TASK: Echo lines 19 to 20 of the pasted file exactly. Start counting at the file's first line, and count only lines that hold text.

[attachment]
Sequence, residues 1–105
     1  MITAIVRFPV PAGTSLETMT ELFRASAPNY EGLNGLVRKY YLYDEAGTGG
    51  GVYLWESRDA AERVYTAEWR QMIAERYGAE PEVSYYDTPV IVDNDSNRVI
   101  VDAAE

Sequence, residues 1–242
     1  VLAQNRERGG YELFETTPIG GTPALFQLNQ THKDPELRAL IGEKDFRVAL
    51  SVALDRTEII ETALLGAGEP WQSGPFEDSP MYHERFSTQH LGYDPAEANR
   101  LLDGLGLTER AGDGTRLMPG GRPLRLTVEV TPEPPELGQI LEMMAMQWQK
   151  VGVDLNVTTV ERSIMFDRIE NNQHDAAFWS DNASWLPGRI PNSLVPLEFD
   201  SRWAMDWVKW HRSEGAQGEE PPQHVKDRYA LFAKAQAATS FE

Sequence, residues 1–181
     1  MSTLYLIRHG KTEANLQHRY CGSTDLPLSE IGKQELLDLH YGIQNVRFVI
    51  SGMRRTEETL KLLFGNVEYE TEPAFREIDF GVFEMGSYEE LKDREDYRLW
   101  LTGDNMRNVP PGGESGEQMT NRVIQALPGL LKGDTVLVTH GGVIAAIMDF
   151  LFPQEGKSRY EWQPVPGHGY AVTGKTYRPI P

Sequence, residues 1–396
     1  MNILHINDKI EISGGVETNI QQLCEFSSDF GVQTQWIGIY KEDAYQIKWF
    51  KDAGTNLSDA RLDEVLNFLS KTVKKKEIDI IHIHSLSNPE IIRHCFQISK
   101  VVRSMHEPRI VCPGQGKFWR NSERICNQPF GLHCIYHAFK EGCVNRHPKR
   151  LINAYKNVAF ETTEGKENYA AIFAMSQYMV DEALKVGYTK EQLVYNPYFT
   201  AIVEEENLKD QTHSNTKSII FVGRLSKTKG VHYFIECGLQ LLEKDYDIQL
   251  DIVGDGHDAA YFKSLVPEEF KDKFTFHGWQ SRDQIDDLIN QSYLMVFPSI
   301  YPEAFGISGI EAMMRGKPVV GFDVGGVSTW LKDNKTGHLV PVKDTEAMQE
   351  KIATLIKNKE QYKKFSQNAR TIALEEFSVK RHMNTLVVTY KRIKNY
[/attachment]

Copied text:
   101  VVRSMHEPRI VCPGQGKFWR NSERICNQPF GLHCIYHAFK EGCVNRHPKR
   151  LINAYKNVAF ETTEGKENYA AIFAMSQYMV DEALKVGYTK EQLVYNPYFT